Annex 9: SAS doctor questionnaire in Scotland
SAS Doctors in Scotland - Questionnaire
Report from the Shape of Training Implementation Group in Scotland describing the results of a questionnaire that has been undertaken of SAS doctors for recognition of skills acquired through funded workplace based training.
1. The Shape of Medical Training Review (
was established by
UK Ministers for Health
to consider how medical training could better need the present and
future needs of patients. The review group reported their findings
in October 2013 making 19 recommendations.
2. The report recognised that the needs of patients in the UK are changing. In particular an ageing population will lead to more patients with multiple co-morbidities. This in turn will require more doctors to have and maintain generic skills to enable them to work within integrated models of care.
3. The Review considered all aspects of medical training including the needs of doctors who are not in formal training programs. In this context recommendation 17 specifically applies to SAS doctors. It states:
- "Appropriate organisations should review barriers faced by doctors outside training who want to enter a formal training program or access credentialed programs"
The SoTR further stated in relation to SAS doctors that:
- Para 129 they should also be offered opportunities to enter or return to training throughout their careers. They should also be given access to credentialed training.
- Para 130 Credentialing will give opportunities to SAS doctors to further develop in their specialty or move into other practice areas.
- Para 131 there will continue to be a need for an equivalence route onto the appropriate registers.
4. In response to the report UK Ministers convened a steering group ( UK Shape of Training Steering Group UKSTSG) tasked to consider the implications of implementing the recommendations and to provide appropriate policy advice. The key function of the UKSTSG is to maintain a UK consensus where that is necessary in areas such as curricula development.
5. In the first instance, the UKSTSG initiated a number of workshops of which one was devoted to exploring the training requirements of SAS doctors. It concluded that measures were required to better develop and utilise the skills of SAS doctors. The UKSTSG asked the Welsh and Scottish Implementation groups to take this work forward as follows:
- "measures to be scoped out, based on evidence collected through pilots, how to further develop the careers of doctors who are outside formal post graduate training and who are not consultants such as SAS doctors".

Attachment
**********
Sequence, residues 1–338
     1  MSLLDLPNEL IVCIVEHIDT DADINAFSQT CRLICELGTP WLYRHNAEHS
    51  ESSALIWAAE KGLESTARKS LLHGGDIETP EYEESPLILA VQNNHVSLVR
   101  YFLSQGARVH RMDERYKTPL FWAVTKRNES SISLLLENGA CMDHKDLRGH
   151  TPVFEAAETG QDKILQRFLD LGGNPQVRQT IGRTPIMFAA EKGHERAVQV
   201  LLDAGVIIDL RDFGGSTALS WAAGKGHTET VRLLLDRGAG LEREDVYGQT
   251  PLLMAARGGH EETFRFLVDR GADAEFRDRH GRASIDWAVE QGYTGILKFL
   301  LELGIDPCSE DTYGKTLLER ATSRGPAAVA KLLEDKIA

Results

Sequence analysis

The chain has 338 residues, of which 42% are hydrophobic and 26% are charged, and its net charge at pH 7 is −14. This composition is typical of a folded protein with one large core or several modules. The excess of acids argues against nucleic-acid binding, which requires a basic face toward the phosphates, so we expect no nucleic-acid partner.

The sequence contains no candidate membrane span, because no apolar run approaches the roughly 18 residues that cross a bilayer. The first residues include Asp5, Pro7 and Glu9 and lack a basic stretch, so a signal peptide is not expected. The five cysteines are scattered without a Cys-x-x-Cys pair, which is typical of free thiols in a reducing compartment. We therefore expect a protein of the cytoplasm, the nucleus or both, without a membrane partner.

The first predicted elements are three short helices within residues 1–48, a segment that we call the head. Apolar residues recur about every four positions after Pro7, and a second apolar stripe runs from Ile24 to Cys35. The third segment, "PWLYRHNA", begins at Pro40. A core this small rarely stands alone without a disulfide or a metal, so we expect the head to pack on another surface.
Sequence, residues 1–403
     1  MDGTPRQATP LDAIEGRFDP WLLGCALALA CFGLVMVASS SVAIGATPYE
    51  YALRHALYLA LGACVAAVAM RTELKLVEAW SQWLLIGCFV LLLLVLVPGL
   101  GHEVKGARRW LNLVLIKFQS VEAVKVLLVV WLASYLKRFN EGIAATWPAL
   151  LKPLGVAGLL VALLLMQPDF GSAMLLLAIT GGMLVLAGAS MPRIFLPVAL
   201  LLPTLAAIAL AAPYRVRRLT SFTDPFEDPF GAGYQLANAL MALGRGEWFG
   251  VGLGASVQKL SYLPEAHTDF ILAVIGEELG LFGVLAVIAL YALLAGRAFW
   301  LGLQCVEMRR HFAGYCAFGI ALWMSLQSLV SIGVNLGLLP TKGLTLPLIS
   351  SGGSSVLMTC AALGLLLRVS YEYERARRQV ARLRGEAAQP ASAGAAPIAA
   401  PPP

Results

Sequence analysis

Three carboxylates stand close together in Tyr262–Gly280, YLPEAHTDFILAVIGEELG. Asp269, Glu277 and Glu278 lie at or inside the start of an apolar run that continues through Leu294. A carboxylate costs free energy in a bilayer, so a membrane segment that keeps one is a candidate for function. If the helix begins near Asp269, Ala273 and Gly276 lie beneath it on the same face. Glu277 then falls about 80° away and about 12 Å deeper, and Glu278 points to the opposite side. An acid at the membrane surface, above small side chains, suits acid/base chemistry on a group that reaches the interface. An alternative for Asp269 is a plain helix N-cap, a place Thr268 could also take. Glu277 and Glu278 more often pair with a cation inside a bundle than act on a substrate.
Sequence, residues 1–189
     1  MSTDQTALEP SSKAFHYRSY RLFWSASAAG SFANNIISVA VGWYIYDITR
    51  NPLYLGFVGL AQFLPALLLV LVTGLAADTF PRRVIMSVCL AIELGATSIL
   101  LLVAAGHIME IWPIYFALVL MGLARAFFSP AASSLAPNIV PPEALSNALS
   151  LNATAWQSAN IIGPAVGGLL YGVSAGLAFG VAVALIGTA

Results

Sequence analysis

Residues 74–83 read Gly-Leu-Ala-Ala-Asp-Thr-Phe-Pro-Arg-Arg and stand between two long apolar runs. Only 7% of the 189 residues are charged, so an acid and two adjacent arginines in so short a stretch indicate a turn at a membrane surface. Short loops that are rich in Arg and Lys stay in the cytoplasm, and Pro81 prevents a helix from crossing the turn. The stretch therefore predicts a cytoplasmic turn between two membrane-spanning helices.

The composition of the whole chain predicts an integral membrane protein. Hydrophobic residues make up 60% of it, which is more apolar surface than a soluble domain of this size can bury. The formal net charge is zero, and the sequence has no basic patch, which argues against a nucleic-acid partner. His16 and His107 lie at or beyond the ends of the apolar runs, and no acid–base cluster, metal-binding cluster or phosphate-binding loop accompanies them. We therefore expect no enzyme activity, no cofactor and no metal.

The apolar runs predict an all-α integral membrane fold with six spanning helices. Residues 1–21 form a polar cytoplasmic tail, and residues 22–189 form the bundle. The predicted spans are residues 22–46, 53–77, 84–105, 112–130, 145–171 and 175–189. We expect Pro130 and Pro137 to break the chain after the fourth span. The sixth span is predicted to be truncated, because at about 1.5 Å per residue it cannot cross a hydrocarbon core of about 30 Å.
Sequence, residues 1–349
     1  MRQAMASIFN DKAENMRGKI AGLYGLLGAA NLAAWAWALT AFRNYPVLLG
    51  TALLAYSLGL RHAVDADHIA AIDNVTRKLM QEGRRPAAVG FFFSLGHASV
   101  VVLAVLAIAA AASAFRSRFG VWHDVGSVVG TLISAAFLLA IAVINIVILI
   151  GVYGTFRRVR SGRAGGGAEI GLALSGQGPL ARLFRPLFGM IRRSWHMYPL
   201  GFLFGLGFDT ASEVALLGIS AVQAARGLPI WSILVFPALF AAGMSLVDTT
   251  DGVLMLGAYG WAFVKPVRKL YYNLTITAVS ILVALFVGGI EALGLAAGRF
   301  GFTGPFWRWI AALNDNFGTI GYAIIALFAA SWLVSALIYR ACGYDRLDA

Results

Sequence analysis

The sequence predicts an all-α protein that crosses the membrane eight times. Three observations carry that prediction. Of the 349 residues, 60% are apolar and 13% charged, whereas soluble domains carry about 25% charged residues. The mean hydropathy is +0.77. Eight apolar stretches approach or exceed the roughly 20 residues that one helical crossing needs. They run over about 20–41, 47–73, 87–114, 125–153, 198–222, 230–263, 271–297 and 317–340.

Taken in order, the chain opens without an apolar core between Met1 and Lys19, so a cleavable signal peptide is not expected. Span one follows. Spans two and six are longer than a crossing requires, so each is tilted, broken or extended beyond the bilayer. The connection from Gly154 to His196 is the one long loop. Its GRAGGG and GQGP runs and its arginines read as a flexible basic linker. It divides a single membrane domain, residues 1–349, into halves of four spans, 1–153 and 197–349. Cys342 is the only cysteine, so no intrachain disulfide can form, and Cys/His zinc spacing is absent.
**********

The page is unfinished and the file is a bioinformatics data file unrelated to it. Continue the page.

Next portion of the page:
6. Approximately 20% of doctors are not in training or on the GP or specialist Register. These doctors make an important contribution to health care across the UK.
7. The scope and complexity of care delivered by these doctors varies. Some with specific competencies currently deliver care equivalent to that of Consultants.
8. It is of note that current and future trainees are seeking flexible, part time working with the opportunity to take career breaks. In this context, non-Consultant career posts may become increasingly attractive especially if they are developed.
9. The NHS requires to ensure that all staff can contribute "to the top of their competence". In relation to SAS doctors this means ensuring that they can fully use the skills that they already have and to support them developing new skills. The SoTR specifically recommended that SAS doctors should be able to access credentialed training.
Purpose of this paper
10. The purpose of this paper is to describe the work to date and to outline the results of a survey that has been undertaken of SAS doctors in Scotland about how best to recognise skills and enhance career development opportunities.
11. In the first instance officials from the Welsh and Scottish Governments met with a representative from the GMC to discuss the specific recommendation that SAS doctors should have access to credentialing training. It was concluded that given the anticipated length of time that it will take to implement credentialing it would be reasonable for the Medical Education & Training bodies in each country to develop an interim recognition/accreditation process.
12. There is a willingness by both Governments to consider measures that would enhance the training and careers of SAS doctors. In the context of the Shape of Training Review, two specific measures have been proposed. The first would involve the development of a process to recognise specific skills that SAS doctors already process. Such recognition should be "portable" and allow the doctor to deploy the expertise/skill in independent practice.
13. The second proposal involves the development of training modules for SAS doctors based upon local and National Service needs. As in the first initiative, a method should be developed to recognise any additional skill.
14. In order to test whether there would be an appetite among SAS doctors for these proposals, a questionnaire-based survey was undertaken of the approximately 1000 SAS doctors in Scotland ( SAS Dentists were excluded). Participants were identified from the databases held by NHS Education for Scotland ( NES) SAS Educational Advisers. The response rate was approximately 25% (246 respondents). The results are presented in embedded document at the end of this document.
15. In brief, the survey shows that approximately 60% of the 246 respondents believe that they currently process a specific skill that could be formally recognised. Overall, 83% of respondents would be interested in undertaking a workplace-based training programme, and 87% would value an accreditation process in Scotland that formally recognises enhanced skills. Approximately three quarters of respondents remained interested if the process involved an end of training assessment.
16. These results suggest that, as a minimum, over 200 SAS doctors in Scotland would be interested in a process that recognised their current skills/competencies or allowed them to develop skills that would be formally recognised. On this basis, it is concluded that the development of these measures could make a substantial additional contribution to patient care in Scotland.
17. In considering options it has been assumed that the current process that allows SAS doctors to gain access to the specialist register via CCT/ CESR will remain.